Attempts to isolate a pneumococcal deletion mutant of PBP 2X have failed (10), suggesting that PBP 2X is an essential protein with an indispensable role in peptidoglycan synthesis. Recently, immunofluorescence microscopy of growing and dividing cells has found that PBP 2X displays a specific septal localization and therefore plays a major role in cell division and septation (17). This confirmed previous assumptions that PBP 2X is involved in cell division, as the pbp2X gene is located within a gene cluster devoted to cell division (16). In addition, altered PBP 2X is a primary β-lactam resistance determinant and the first PBP to undergo alteration with respect to the development of penicillin and cephalosporin resistance (12, 22, 23). The amino acid changes in altered PBP 2X that are responsible for the development of β-lactam resistance in clinical isolates of pneumococci are not well defined. A number of studies have used penicillin and cefotaxime to select spontaneous laboratory mutants of low-level resistance and associated resistance with variable amino acid substitutions in PBP 2X, most notably, His394Tyr, Leu403Phe, Arg512Tyr, Thr526Ser, Thr550Ala, Gln552Glu, Gly597Asp, Leu600Trp, and Gly601Glu (12, 13, 23). Among clinical isolates, it has been shown that the Thr550Ala substitution in PBP 2X results in increased cephalosporin resistance accompanied by decreased penicillin resistance (4). Most other studies of clinical isolates have only gone as far as to assert that an association of β-lactam resistance with mutations in altered PBP 2X exists. Those studies have emphasized mostly the mutations within and in close proximity to three conserved amino acid sequence motifs, most notably, a mutation at position 338 within the active-site serine motif. Some studies have taken the process one step further to prove the actual involvement of specific PBP 2X mutations in the development of resistance by using site-directed mutagenesis (SDM) to alter specific residues in PBP 2X, followed by an analysis of the effects of these mutations on the acylation efficiency of PBP 2X by cefotaxime and penicillin. Such studies have proved that Thr338Ala, Met339Phe, Thr550Ala, Gln552Glu, and Ser571Ala are influential mutations that affect acylation efficiencies (3, 18, 19).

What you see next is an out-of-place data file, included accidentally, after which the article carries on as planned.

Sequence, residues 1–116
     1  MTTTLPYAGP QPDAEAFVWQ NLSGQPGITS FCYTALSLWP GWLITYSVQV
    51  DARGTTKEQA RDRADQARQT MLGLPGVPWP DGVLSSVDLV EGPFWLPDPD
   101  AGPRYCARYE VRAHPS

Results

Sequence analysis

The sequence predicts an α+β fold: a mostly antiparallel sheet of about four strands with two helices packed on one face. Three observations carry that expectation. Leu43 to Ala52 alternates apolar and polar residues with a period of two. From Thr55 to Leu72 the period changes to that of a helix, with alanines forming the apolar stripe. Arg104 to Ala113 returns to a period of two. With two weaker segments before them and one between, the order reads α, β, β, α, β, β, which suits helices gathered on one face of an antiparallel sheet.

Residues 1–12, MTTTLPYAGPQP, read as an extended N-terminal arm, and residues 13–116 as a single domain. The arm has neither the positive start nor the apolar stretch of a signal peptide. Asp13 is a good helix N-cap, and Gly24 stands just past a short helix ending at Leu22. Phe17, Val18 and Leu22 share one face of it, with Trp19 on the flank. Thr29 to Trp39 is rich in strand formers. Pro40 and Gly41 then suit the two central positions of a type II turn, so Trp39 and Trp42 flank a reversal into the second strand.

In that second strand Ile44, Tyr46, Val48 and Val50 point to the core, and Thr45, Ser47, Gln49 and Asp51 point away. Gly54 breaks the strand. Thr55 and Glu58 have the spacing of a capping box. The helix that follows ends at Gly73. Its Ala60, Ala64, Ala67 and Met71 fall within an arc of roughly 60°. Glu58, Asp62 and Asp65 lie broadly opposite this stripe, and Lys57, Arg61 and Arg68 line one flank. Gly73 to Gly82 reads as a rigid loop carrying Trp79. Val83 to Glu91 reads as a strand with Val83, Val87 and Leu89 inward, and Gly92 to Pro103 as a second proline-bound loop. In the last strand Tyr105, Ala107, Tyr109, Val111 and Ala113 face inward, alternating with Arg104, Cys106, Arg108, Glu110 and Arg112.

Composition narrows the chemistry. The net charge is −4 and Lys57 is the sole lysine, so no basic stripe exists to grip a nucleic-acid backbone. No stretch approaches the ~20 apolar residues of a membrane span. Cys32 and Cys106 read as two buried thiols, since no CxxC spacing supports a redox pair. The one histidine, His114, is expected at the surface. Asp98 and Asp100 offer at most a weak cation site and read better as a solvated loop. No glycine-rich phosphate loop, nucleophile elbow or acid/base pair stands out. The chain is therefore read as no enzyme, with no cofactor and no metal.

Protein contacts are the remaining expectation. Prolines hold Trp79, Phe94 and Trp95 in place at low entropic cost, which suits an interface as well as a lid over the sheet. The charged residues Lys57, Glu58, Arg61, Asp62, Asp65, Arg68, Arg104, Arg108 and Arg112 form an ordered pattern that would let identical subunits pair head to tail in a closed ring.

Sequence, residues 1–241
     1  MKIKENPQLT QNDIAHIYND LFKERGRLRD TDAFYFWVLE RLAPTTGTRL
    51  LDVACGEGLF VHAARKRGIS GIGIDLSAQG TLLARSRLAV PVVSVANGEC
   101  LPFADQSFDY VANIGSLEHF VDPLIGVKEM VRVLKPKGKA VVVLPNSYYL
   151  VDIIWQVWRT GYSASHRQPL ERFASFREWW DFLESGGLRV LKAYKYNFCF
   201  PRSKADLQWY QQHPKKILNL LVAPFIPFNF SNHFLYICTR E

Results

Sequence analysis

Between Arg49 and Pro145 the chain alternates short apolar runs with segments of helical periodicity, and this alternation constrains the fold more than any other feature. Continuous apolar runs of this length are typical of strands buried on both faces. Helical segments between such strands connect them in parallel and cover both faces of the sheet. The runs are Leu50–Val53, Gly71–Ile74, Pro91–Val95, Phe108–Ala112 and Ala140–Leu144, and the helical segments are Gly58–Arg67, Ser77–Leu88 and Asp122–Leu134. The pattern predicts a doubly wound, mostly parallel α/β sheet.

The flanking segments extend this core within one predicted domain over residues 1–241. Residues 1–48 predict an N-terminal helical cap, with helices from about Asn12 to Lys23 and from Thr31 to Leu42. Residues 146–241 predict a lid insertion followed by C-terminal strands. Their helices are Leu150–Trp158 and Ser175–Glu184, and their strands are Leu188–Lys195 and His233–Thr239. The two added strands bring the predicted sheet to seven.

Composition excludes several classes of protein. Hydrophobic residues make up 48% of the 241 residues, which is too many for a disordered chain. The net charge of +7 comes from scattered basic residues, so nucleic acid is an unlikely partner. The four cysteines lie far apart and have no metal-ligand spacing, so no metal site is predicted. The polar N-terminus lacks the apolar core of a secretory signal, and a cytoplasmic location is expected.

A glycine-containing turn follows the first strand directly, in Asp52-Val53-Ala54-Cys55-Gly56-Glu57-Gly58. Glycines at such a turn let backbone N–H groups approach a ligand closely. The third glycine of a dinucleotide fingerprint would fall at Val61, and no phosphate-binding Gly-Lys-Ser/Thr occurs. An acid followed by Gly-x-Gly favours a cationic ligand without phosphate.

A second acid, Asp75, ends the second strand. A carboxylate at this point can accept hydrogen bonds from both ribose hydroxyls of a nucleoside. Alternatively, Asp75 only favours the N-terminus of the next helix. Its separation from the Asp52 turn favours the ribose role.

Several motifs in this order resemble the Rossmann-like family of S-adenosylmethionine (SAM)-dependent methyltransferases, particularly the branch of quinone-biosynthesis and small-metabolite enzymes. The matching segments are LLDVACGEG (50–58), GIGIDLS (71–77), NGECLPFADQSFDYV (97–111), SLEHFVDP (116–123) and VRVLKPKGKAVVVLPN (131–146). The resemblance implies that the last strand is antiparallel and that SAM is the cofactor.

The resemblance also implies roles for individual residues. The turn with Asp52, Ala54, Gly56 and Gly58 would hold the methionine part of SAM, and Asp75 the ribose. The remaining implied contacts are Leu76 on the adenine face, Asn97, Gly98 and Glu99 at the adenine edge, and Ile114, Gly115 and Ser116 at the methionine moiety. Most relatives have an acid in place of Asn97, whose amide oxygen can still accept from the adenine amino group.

The identification of resistance-causing alterations in PBP 2X may assist in the design of improved β-lactam antibiotics to counter bacterial resistance to the currently available antibiotics. It may also assist in the development of genetic tests (multiplex PCRs and microarrays) for the rapid diagnosis of penicillin and cephalosporin resistance in the pneumococcus. No study has yet analyzed mutations in altered PBP 2X from a clinical isolate with respect to their importance in contributing to the development of high-level β-lactam resistance in the presence of other participating resistance determinants and with the interaction of other participating resistance determinants. With this in mind, we have analyzed the altered PBP 2X from highly β-lactam-resistant pneumococcal isolate 3191 (penicillin MIC, 16 μg/ml; cefotaxime MIC, 4 μg/ml), a representative of a Hungarian serotype 19A clone isolated during the period from 1997 to 1998. Compared to susceptible strain R6, this isolate has 23 amino acid mutations located in the TD of PBP 2X. We were interested in determining which of these mutations are essential for the development of resistance. Within the genetic background of resistance, we wanted to investigate how resistance would be influenced when SDM was used to reverse specific PBP 2X mutations. Should reversal of a mutation accompany a decrease in resistance of the mutant strain, this would signal the loss of an essential resistance-causing mutation. Using this approach, we report on six amino acid substitutions identified as essential in the development of high-level penicillin and cephalosporin resistance.